However, if you do not have restrictions regarding space, then you should go for quality and comfort. In this case, a high-profile premium toilet with a full-size seat similar to residential designs works best. 


It does not hurt to want a little luxury while on the road and with toilets it means getting one that gives you that home-like experience. Most people find high-profile loos with full-sized seats the most comfortable. Some models come with optional hand sprayers to help with additional bowl rinsing when needed.

Models with full-size toile seats allow you to personalize them like you would with your home toilet. There is also the option of replacing such toilet seats with slow-closing or enameled wood options for added comfort and better odor sealing.  The full ceramic premium models also deliver that luxurious experience.

After a weekend spent researching and reading through reviews, I was able to come up with this list of the best RV toilets on the market.

No matter where you are going, via trailer or rv, you gotta provide your guests with the best for their temporary living space.

How To Replace a Toilet

Replacing an existing RV toilet depends on the one you already have hooked up and the vehicle layout. The first place to start is figuring out the type of system your mobile vehicle uses and look for a similar replacement. 

Knowing the type of Rv toilet system, you are working with is also important because it affects issues such as repair and maintenance. Again, depending on the kind of system you need, you can install the toilet personally or need professional help to set things up correctly. 

First, let us consider why you might need to replace an RV toilet:

  • You want to replace an ill-suited or uncomfortable RV loo.
  • Perhaps you want to upgrade to a premium option.
  • You have finally decided to ditch an old porta potty that has seen the best of days.

Obviously, you do not want to spend hundreds of dollars to replace a mobile toilet when you can fix the one you currently have. Therefore, if you have a leak problem, you should try to fix it by replacing the rubber seals in the water tank.

If you are sure that you need a replacement, then you should go ahead and get a replacement.  Services to repair them are often more expensive than getting a new one. Plus, you don’t want a broken toilet getting in the way of your outdoor adventure.

Get The Right Tools

Even the simplest of portable toilets require proper installation so that they can serve you well. It means getting all the necessary tools you need to hook up the loo including an installation kit. Most porta potties come with an installation kit, but you should also have a screwdriver, wrench, and rags to get the job done.  Also get the right parts, nothing worse then rv toilet paper won’t getting stuck.

Turn Off The RV’s Water Supply

Before you start removing an old unit or replacing a new one, you should turn off your RV’s water pump. Flush the loo to empty out the water in bowl and lines. This is assuming that you have a permanently installed system. 

In the case of portable units with a waste tank positioned beneath, you want to empty out the waste tank and cleaning. Follow through by cleaning the bowl using rags or old towels.

Unscrew The Nuts and Bolts And Remove The Toilet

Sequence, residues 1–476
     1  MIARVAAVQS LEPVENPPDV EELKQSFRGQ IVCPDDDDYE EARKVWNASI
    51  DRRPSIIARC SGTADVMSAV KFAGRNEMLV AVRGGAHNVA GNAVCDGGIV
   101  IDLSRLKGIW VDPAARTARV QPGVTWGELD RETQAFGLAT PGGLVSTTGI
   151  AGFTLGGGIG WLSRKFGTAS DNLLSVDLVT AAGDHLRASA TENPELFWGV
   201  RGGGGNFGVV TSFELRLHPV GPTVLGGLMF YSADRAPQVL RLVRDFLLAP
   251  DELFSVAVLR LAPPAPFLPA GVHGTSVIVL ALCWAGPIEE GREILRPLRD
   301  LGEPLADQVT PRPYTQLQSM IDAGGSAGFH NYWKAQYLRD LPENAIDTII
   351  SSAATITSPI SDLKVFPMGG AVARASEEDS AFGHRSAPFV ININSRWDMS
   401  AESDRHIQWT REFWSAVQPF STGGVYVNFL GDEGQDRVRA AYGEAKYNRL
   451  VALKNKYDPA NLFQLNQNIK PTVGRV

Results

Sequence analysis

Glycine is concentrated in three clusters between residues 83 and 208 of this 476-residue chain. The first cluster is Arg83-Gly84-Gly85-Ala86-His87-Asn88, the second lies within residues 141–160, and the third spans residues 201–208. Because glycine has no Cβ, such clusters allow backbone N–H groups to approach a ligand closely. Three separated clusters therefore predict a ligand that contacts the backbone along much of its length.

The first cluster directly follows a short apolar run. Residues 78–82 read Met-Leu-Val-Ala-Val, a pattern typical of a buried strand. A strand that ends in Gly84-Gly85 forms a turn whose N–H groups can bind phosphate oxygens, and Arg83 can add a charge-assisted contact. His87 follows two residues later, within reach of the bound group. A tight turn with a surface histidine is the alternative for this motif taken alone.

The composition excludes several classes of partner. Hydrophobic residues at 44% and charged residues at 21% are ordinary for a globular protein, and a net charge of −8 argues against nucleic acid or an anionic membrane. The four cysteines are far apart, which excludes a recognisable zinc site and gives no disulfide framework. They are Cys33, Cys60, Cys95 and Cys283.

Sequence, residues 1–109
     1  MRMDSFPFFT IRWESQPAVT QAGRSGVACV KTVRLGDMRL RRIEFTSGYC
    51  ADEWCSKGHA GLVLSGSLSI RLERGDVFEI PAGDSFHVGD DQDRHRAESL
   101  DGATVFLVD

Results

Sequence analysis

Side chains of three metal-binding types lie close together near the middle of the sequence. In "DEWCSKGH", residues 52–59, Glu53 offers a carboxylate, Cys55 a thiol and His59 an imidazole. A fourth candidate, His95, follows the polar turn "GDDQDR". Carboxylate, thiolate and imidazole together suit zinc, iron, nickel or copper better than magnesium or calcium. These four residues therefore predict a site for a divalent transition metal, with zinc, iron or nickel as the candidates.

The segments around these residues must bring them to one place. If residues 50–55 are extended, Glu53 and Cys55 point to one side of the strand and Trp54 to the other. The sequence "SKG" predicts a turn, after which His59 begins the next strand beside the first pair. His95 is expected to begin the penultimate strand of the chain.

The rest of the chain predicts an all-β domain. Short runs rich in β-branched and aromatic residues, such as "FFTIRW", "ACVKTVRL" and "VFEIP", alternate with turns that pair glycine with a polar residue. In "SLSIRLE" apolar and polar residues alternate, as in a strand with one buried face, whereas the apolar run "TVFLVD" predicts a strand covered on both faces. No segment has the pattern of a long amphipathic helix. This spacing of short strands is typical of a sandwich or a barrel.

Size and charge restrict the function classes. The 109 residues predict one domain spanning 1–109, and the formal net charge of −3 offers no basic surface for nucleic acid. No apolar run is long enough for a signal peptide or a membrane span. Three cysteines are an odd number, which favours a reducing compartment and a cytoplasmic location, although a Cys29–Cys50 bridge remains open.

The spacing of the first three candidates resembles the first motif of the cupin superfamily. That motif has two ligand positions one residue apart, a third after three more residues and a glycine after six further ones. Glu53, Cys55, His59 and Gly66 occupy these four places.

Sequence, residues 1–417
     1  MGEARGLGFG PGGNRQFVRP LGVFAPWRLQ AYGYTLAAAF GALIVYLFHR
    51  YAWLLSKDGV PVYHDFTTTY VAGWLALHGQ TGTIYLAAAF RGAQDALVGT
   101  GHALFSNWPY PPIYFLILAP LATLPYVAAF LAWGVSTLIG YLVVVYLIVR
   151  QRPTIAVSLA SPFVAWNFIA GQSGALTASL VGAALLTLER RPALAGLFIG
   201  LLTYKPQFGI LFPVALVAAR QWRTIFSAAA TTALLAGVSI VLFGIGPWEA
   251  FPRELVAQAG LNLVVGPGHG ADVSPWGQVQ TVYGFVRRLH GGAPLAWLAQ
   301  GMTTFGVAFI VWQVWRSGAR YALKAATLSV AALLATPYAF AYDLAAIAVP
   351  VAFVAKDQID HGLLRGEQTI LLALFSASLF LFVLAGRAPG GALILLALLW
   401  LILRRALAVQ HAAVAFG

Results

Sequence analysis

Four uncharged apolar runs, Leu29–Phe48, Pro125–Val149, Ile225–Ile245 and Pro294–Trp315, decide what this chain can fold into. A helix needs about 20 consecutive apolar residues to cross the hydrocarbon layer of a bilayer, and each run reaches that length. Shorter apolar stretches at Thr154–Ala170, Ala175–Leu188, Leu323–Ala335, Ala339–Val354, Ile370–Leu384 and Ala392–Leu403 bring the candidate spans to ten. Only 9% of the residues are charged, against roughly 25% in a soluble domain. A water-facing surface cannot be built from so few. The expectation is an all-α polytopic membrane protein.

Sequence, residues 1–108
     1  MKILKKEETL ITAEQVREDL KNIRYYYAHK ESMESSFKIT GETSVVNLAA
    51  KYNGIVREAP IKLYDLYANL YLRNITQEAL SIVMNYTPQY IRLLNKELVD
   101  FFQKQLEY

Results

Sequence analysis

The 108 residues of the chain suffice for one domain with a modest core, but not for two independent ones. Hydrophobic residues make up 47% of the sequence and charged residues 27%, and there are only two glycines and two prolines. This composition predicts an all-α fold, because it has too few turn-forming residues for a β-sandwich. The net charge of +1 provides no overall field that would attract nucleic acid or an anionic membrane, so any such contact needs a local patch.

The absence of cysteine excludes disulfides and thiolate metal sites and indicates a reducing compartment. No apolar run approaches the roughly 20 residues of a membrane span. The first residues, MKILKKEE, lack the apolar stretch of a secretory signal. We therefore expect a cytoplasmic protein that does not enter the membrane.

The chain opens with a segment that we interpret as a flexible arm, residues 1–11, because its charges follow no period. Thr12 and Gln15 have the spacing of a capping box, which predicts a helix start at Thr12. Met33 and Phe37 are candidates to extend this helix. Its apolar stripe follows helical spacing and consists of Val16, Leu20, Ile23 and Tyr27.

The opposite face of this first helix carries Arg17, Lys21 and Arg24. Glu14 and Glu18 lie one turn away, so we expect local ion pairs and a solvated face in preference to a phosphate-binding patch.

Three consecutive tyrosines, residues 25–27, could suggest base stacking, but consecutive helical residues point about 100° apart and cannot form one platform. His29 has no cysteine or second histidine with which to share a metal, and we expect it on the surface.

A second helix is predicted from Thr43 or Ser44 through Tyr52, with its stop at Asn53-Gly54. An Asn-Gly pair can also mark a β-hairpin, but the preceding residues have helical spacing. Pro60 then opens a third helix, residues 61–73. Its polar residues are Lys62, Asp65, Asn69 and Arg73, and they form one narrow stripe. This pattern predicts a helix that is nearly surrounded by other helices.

There should be a plastic wrap at the very bottom of the toilet covering the nuts and bolts. Remove it to expose the nuts and bolts holding down the toilet. Once again, this is assuming you have the permanently installed model or a portable unit secured using a hold down kit. 

Unscrew all the bolts and nuts, and this should expose a hose connector at the back. You should goa head and disconnect the hose too.

At this point, you can remove the toilet. Lift it straight up and rock it loose if it seems stuck. Set the old unit out of the way on newspapers or rugs.

Install The New Toilet

The installation kit should include a gasket (cone-shaped) that seals the loo to the floor. Remove the old one, and you may have to pry it out with the help of a screwdriver. Once the old one is out, clean the area and place the new gasket. 

You can then position the new porta potty making sure to line the bolts appropriately so that they go correctly into the holes at the bottom of the toilet. Tighten the nuts that go over the screws using the wrench but do not over tighten them.

Test to see whether the loo is snuggly grounded by sitting on it and adjust the tightness it wiggles. Reattach the hose at the back of the unit and give everything a look over to make sure that they are in place.

Turn the RV water supply back on and flush to see if you have successfully installed the new toilet correctly. Also, make sure you get the right gallon for your use and one that is easier to use. The thing is, you don’t want a young kid to not know how to turn on the power or program it wrong. Get one easy to use and make your life a bit more easy.


Final Words

We are sure that all this information has given you a better understanding of the process of finding the best RV toilet. We have also reviewed some of the best options out there based on their functions, features and customer reviews. They should guide your decision, and after getting the right one, our installation guideline should help you set up the unit within no time.

Worth pointing out is that you also need to consider the cleaning and maintenance requirements of your RV loo. You risk having to deal with unpleasant smells just by installing these porta bathrooms in your recreational vehicle. With the right cleaning tools including treatment liquid, you can keep those unwanted odors at bay. 

Also, go the extra mile and teach your family members how to use the mobile bathroom to ensure water efficiency and the maintenance of high hygiene standards. Hope it was a good read! Come back to learn more.

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Scott Moey

Based in Brooklyn, New York, entrepreneur and philanthropist Scott Moey lives a wild life as an adventurer, explorer and traveller. He blogs about his love for the outdoors on